ACADEMIC: WORLD’S OLDEST EVIDENCE OF GRAPE WINE IS IN CHINA DATES BACK 9000 YRS
By Siulan Law Mathews DipWSET
Credit: Professor Peter Kupfer/Johannes Gutenberg University Mainz
The oldest archaeological evidence of the use of grapes to make a fermented drink comes from central China and dates back some 9,000 years, according to Sinologist Professor Peter Kupfer of Johannes Gutenberg University Mainz.
In an article titled “China's viticulture in transition: Wine culture going back thousands of years lays the foundation for emerging modern wine industry in the Middle Kingdom”, Kupfer said the archaeological site of a Neolithic settlement in Jiahu in China’s central Henan province is home to the earliest evidence of using grapes to make fermented drinks, older than evidence found in Georgia which dates back some 8,000 years.
Most archaeologists considered Jiahu one of the earliest examples of Neolithic culture. They believed the site was settled around 7,000 BC and was later flooded and abandoned around 5,700 BC.
Archaeologists and scientists applied biomarker chemical analysis to pottery jars excavated from Jiahu and found signature molecules proving alcohol was fermented from rice, grapes, hawthorn and honey.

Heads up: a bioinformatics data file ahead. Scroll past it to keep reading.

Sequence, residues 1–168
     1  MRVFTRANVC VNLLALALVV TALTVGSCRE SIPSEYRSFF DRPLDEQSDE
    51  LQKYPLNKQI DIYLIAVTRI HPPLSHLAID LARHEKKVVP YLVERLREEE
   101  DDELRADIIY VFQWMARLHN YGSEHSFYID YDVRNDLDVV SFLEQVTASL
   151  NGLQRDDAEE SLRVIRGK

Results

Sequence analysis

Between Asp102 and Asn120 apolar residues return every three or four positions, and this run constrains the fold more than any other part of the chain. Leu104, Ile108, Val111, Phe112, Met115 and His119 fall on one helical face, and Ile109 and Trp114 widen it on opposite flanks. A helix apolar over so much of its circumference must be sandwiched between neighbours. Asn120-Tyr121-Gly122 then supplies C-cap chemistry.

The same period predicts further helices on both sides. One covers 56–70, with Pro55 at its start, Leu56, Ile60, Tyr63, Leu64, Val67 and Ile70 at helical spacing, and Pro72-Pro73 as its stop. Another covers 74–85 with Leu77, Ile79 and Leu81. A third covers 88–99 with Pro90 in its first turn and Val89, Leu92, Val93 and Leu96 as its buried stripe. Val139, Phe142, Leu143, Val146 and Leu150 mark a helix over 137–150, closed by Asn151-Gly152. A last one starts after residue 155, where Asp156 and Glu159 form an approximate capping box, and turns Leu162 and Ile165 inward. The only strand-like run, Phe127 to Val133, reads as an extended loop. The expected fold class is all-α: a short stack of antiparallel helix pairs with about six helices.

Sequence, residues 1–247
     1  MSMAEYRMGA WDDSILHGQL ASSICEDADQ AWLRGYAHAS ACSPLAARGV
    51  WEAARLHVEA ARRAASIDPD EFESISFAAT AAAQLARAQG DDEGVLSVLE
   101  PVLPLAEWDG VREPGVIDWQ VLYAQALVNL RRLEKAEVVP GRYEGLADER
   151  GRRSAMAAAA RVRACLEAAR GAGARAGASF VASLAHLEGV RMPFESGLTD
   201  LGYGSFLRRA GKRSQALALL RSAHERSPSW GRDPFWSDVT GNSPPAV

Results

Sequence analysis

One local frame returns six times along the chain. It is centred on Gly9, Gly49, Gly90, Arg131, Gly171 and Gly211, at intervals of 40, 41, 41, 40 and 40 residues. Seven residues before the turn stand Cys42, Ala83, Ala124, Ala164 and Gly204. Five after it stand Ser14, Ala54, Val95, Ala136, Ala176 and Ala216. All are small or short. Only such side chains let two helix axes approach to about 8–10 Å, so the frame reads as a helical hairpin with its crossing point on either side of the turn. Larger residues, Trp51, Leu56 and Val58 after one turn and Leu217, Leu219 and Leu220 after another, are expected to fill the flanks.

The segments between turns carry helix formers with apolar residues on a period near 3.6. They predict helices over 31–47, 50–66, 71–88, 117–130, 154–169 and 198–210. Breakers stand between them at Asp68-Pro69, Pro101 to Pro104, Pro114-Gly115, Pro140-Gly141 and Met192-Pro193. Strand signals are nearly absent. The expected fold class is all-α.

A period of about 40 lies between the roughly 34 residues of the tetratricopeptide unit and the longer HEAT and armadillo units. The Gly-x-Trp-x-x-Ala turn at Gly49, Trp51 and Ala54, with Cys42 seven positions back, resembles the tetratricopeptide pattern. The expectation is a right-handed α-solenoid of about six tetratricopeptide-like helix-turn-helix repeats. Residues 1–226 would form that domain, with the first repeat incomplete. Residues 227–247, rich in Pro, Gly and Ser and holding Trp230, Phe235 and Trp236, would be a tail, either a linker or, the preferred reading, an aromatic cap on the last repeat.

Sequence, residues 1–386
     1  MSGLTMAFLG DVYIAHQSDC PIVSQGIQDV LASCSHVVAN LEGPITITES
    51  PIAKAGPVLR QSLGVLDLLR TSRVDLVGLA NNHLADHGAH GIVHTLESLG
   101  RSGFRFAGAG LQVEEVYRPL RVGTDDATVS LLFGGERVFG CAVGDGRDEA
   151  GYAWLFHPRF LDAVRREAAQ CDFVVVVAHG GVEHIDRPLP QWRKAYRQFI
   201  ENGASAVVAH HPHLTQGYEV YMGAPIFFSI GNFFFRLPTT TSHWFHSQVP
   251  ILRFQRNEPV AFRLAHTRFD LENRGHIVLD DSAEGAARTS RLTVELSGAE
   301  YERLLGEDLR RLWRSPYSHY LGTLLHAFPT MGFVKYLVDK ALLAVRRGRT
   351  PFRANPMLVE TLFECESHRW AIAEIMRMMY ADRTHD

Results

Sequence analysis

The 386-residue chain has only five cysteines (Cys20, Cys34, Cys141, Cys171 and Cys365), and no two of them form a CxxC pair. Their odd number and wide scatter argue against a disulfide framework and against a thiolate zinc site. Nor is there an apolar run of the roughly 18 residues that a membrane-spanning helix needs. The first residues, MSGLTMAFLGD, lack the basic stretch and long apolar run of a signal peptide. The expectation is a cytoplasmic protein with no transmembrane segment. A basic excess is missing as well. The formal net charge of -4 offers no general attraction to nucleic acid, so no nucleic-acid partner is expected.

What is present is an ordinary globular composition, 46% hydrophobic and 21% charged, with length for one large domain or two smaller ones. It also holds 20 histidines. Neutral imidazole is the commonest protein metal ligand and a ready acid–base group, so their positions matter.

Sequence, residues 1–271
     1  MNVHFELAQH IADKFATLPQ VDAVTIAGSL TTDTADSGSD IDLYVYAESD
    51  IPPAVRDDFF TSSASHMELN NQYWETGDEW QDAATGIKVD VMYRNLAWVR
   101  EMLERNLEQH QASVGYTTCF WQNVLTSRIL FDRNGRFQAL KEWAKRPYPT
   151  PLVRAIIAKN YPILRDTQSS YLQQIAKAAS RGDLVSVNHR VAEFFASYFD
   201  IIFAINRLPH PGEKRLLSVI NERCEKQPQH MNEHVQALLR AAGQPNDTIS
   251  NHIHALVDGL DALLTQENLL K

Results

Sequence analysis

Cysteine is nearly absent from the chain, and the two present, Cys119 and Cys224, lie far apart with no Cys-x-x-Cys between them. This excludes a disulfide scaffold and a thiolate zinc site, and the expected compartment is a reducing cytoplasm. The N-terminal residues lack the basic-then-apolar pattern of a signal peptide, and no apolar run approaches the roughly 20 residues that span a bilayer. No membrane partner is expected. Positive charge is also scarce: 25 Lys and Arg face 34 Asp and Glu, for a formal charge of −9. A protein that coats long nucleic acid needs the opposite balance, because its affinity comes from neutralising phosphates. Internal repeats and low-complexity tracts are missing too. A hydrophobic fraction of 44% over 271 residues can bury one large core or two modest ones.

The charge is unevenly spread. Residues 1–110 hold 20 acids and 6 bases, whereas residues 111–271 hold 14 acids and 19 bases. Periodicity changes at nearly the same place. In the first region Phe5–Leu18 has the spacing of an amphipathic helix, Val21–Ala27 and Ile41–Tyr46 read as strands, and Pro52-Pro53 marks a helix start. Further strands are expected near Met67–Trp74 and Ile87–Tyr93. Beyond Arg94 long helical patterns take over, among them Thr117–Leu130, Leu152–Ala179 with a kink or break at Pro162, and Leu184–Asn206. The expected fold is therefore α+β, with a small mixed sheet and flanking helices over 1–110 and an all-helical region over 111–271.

According to Kupfer, this “Neolithic cocktail” is currently thought to be the world’s oldest alcoholic drink, while viticulture began only a little later, about 8,000 years ago in Georgia.
“Alcohol and, in particular, wine made using grapes has been a fundamentally important part of cultural life in Eurasia for thousands of years. And China has played a key role in its history,” Kupfer wrote.
Although still unproven, Kupfer believed that there were probably links between the most ancient winemaking sites – between Georgia 8,000 years ago and Jiahu in central China some 9,000 years ago.
He added that for millions of years, China has been home to the world’s richest and most diverse range of species of the Vitis genus. During glacial periods, vines found a refuge in southern China, which is now home to over 40 Vitis species, 30 of which are indigenous.
Given the pre-eminence accorded to French wines, it is natural to assume that winemaking must have originated in ancient Greece or Rome.
Instead, Kupfer believed it has developed since the Neolithic Age over thousands of years in the context of continuous exchange between Eurasian regions, with Persia and India playing a particularly important role very early on.
Kupfer has undertaken several research trips along the Central Asian, Chinese, and Iranian sections of the Silk Road and has conducted a special study of Chinese wine culture.
His book “Amber Shine and Black Dragon Pearls: The History of Chinese Wine Culture” provides a comprehensive interdisciplinary analysis of the role played by wine and alcohol in Chinese culture.
(the writer can be contacted at: firstname.lastname@example.org)
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